2013-04-19 L’Osservatore Romano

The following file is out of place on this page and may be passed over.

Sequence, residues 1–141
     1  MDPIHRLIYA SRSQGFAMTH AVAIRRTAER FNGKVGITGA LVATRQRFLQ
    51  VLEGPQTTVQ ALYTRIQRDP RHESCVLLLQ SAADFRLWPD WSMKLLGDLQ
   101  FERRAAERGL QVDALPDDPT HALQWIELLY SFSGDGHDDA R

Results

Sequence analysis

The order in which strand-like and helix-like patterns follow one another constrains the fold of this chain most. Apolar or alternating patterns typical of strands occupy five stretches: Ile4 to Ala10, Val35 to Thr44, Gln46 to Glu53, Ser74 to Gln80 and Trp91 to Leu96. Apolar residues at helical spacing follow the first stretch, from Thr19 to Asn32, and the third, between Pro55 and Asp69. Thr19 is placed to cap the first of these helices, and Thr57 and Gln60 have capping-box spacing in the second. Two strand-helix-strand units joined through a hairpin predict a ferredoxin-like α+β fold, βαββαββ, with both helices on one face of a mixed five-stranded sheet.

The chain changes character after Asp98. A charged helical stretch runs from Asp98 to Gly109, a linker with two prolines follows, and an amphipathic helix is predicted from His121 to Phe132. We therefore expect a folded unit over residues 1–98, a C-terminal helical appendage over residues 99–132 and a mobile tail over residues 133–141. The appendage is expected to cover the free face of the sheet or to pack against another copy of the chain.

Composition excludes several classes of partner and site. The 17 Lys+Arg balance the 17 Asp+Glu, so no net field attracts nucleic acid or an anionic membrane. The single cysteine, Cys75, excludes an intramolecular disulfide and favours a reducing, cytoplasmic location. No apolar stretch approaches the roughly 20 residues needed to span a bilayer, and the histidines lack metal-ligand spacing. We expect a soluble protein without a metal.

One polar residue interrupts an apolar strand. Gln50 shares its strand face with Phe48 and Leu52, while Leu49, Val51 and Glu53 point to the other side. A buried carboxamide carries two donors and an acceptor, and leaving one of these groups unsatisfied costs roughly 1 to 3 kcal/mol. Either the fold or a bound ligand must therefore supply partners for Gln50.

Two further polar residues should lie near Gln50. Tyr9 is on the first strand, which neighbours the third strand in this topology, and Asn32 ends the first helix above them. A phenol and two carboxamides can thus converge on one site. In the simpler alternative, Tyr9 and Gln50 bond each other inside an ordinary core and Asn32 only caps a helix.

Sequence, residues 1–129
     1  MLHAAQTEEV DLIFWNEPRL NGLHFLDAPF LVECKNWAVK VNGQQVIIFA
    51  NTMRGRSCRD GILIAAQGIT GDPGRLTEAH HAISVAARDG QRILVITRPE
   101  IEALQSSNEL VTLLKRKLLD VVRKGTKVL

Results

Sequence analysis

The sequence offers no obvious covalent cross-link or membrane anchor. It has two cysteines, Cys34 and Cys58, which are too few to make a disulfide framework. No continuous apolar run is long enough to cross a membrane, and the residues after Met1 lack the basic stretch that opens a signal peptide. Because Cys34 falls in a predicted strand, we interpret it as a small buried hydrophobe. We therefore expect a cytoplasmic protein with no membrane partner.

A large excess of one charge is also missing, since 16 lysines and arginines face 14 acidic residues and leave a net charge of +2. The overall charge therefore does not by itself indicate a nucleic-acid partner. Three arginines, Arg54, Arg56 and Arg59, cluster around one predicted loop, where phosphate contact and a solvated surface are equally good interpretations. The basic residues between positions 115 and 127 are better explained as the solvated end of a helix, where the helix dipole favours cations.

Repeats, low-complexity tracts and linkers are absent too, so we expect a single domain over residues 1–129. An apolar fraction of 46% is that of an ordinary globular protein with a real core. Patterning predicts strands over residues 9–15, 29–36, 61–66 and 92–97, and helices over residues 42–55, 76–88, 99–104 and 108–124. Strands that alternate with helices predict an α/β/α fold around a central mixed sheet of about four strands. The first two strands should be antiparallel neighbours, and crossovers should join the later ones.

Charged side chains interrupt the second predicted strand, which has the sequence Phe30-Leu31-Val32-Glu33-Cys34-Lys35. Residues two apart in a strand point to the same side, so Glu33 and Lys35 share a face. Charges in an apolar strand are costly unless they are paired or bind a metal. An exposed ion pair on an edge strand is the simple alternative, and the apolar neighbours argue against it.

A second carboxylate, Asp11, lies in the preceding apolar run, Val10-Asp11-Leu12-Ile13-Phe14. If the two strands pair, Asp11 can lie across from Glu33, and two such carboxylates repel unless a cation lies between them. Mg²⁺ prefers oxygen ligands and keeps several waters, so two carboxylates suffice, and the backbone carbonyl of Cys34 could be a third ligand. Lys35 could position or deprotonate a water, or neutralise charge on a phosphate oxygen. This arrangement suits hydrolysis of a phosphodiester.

"The globalization of the world and the rapid processes of social, economic and cultural transformation put fundamental questions to the historical beliefs that have developed in Asia. The basic question can be expressed in these words: how can we pass on our patrimony of beliefs, values, and expressions of worship in today's specific contexts, in which age-old traditions coexist de facto with new cultural forms, determined by the dissemination of technology at all levels, by spreading urbanization, by the imbalance in the processes of economic development in various nations, and by the economic and political interconnection between States and socio-cultural blocs? In the past the way led most frequently from the West to the East; today I would say a new trend is crystallizing. It moves from East to West, and this is not only because of migratory flows, tourism or business. Societies have opened up and many barriers have been surmounted, whether or not political and religious corporate elites like it. Actually, I must say that the Great Wall of China was never really effective as a means of political and military defence but was certainly far more so in terms of symbolism and identity. Cultural tradition is of course the mother of all knowledge and often of identity, but today it is harshly tried by contemporaneity. What synthesis will result from it? It should be said that this synthesis is acquiring a form, even if we do not always succeed in perceiving it outright. Therefore, what society will we have? How will religions be able to respond? There is no doubt that from now on we will not only be listening to Asia, which implies the attitude to Asia of the non-Asian (one way), but to an Asia that hears and will make itself heard (two way), and will also tell us what paths lead to faith."